Indian Parliament has recently passed Bill No.100 of 2018 for carrying out amendment in The Arbitration and Conciliation Act,1996. Basically the intention of the Government is to make India an international Arbitration hub. But it should also take care at National level. It seems that ad-hoc Arbitration will be matter of past. Though Section 11(1) and (2) are part of the Act. If the Arbitration Agreement doesn’t contain name of the Arbitrator and name couldn’t be agreed upon by the parties the Section 11 Application for appointment of Tribunal shall be made through institutional Arbitration Body.
The Bill says
“(3A) The Supreme Court and the High Court shall have the power to
designate arbitral institutions from time to time, which have been graded by the Council under section 43F, for the purposes of this Act:
Provided that in respect of those High Court jurisdictions, where no graded arbitral institutions are available, then, the Chief Justice of the concerned High Court may maintain the panel of arbitrators, for discharging the functions and duties of arbitral institution and any reference to the arbitrator shall be deemed to be an arbitral institution for the purposes of this section and the arbitrator appointed by a party shall be entitled to such fee as prescribed under the Fourth Schedule: Provided further that the Chief Justice of the concerned High Court may, from time to time review the panel of arbitrators.”.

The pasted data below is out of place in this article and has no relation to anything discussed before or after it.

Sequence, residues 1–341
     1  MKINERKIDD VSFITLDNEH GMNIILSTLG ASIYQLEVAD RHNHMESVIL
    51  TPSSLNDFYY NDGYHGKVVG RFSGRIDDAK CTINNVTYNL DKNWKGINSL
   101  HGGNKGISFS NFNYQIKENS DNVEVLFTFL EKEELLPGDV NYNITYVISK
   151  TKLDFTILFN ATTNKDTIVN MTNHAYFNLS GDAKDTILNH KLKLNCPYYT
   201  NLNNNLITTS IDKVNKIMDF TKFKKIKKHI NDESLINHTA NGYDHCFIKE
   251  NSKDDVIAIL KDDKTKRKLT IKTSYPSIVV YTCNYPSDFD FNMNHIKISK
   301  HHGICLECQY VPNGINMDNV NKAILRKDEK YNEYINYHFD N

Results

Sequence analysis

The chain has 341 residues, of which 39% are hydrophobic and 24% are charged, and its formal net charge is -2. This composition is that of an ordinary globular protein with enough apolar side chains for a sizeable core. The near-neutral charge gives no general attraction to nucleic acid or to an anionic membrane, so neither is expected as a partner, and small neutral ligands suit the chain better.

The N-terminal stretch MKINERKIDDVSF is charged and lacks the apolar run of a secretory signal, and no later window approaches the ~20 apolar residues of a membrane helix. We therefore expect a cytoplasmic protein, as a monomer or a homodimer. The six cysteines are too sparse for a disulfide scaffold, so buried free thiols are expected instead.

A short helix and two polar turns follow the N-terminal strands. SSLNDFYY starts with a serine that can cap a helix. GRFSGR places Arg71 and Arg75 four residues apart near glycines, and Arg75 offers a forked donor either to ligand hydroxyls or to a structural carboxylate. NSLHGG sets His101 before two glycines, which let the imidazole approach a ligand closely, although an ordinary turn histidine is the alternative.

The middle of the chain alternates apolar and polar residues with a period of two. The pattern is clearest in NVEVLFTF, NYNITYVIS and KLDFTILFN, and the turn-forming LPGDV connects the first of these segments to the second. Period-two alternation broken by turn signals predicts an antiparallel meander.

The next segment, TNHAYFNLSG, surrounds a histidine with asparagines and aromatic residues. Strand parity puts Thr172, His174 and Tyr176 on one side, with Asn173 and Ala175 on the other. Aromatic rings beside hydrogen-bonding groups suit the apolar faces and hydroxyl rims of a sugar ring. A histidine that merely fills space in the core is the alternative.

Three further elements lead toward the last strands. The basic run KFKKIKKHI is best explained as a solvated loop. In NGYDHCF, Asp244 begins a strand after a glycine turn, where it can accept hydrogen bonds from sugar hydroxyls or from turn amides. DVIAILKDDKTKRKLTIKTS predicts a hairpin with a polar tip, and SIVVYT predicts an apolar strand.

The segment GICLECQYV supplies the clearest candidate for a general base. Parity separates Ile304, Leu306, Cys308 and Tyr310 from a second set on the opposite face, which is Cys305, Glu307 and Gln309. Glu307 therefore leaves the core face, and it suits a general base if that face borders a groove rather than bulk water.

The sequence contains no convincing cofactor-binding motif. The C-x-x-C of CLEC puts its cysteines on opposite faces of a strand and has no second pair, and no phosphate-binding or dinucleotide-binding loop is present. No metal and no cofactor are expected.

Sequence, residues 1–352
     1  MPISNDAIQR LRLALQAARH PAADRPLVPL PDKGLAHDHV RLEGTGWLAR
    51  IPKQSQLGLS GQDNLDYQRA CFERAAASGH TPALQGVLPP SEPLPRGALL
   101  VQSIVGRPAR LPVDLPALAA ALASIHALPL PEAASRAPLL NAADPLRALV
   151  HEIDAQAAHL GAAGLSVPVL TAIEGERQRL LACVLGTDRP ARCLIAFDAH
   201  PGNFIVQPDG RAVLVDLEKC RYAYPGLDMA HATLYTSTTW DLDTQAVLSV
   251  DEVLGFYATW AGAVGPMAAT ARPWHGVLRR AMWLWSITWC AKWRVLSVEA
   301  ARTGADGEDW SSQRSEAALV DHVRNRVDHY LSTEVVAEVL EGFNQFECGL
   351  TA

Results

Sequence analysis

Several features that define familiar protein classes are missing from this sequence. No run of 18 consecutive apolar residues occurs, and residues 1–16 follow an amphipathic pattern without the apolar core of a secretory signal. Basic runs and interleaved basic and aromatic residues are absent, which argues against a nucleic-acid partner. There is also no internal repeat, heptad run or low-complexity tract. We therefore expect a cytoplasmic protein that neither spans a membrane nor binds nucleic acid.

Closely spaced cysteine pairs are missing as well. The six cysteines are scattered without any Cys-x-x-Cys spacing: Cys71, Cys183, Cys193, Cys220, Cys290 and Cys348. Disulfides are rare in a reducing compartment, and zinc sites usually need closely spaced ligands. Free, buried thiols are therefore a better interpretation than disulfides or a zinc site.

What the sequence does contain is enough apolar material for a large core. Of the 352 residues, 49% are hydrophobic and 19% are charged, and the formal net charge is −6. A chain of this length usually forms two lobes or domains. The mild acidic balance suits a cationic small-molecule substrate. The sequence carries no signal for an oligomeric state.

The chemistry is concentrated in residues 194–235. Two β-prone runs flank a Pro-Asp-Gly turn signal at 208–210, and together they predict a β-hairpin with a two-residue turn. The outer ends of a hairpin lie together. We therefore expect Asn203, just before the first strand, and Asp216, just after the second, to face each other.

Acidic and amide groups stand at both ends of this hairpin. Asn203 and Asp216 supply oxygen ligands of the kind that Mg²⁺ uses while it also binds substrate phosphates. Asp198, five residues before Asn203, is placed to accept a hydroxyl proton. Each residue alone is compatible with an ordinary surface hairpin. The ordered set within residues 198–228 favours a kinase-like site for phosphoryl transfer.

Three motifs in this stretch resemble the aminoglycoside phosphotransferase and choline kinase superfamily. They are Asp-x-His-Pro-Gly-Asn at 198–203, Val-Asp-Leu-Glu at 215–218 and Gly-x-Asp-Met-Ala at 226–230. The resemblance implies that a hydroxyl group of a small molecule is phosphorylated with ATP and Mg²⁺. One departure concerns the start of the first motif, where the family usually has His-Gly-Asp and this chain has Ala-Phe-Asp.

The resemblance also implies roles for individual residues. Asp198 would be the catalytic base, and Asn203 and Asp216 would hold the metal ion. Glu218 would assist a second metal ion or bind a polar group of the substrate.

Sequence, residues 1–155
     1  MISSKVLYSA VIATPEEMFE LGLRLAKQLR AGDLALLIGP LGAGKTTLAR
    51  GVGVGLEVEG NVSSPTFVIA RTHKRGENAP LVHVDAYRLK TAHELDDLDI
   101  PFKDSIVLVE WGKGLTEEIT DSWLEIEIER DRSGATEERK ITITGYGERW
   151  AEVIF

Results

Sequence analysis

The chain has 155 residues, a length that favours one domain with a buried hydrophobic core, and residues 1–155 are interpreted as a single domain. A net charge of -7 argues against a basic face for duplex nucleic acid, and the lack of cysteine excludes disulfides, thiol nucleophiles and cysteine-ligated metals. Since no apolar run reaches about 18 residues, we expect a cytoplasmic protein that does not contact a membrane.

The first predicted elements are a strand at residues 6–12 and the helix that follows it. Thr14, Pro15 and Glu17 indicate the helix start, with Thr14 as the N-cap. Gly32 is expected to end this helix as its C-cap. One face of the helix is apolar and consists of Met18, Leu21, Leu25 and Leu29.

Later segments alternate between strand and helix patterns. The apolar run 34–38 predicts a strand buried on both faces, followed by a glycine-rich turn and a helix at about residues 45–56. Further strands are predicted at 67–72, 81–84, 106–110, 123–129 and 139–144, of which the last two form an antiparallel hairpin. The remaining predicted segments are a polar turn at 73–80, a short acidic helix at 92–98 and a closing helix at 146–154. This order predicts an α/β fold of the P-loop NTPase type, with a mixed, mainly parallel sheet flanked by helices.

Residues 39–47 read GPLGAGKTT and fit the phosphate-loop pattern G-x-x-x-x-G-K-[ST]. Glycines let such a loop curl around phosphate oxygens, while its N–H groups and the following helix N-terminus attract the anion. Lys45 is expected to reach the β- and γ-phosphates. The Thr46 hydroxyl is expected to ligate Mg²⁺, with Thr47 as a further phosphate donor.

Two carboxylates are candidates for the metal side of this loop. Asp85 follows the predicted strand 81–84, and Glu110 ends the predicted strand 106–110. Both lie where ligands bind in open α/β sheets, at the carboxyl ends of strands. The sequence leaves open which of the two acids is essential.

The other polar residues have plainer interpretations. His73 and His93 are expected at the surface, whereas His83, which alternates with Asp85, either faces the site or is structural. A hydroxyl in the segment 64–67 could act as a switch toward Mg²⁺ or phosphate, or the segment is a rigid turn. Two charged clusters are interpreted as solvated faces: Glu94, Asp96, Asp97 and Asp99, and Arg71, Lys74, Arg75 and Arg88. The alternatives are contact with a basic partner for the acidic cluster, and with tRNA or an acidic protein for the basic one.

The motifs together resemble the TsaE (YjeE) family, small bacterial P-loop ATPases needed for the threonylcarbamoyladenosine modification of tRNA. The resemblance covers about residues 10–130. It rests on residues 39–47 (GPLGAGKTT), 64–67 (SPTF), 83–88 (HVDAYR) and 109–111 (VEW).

So in a state where there is no Institution of Arbitrator available, Chief Justice shall maintain list of Arbitrators.
If party is unable to agree on names on filing Section 11 Petition for appointment of an Arbitrator than designated court shall, “”the appointment shall be made, on an application of the party, by the arbitral institution designated by the Supreme Court, in case of international commercial arbitration, or by the High Court, in case of arbitrations other than international commercial arbitration, as the case may be”;
It means the designated court shall refer the matter to an Arbitration Institution, who will appoint their own Arbitrators. However the Amendment Bill is silent on maintaining panel of Arbitrators by Institution. But a Chapter is inserted
ARBITRATION COUNCIL OF INDIA
43A. In this Part, unless the context otherwise requires,—
(a) “Chairperson” means the Chairperson of the Arbitration Council of India appointed under clause (a) of sub-section (1) of section 43C;